Summary: A dedicated orientation programme for newly arrived Syrian refugees
Where: London, UK
Collaborators: Refugee Action and local partners
Orientation takes place during the arrivals week and is carried out after staff and volunteers at Refugee Action have provided refugees with the essentials (tenancy, housing benefits, job-seeking appointments, GP registration, Home Office, basic utilities). Firstly, local tours are given. These involve walking with newcomers around their immediate area and showing them local shops, markets, supermarkets, discount stores, local parks, mosques/churches, post offices, payment points (to collect benefits before a bank account has been set up), and transport links.
James Peto from Refugee Action feels that parks are important but sometimes difficult to find; therefore, he makes a point of including these in the tours. On the first trip, there is usually an element of teaching newcomers to London about transport systems, currency, money saving, safeguarding, and road safety. James explains: “We want this to be a friendly experience and try to take them to at least some places that speak Arabic and may seem more familiar to them so they are encouraged to explore by themselves as opposed to feeling daunted by the foreign environment.”
The second orientation is for the wider area. In London, volunteers and staff at Refugee Action take clients to Shepherd’s Bush Market, where there are several Syrian shops and restaurants. Specific itineraries will reflect discussion between Refugee Action staff members and the refugees who participate in the projects.
Summary: Curated online and offline information hub for refugees and asylum seekers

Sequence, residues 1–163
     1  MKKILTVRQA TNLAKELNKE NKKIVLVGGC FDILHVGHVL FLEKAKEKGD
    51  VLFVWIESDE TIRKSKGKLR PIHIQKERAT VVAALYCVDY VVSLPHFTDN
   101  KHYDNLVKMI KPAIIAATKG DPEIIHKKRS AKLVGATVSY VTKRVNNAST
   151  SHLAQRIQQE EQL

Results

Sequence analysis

Where: Berlin, Germany
Collaborators: place / making, Association for Socio-Cultural Work e. V.
Bezirksamtes Reinickendorf, Albatros gGmbH
In 2015, at a high point in Syrian refugee arrivals in Germany, the Integration Commissioner of Berlin-Reinickendorf outlined a key challenge: “The problem are not missing services for refugees but ways to better communicate the existing ones where the people are actually living.” InfoCompass is an integrated approach, supporting information flows between asylum seekers and refugees, professional supporters, organisations, and volunteers.
It provides a service which collects, structures and locates support and activity offers and sources of general information. Online information mapping is supported by physically located and staffed Info Points throughout Berlin. InfoCompass provides a crowdsourced, collaborative gathering of information; crucially, however, this is supported as much as possible by an editorial team which check entries and provide good-quality translation.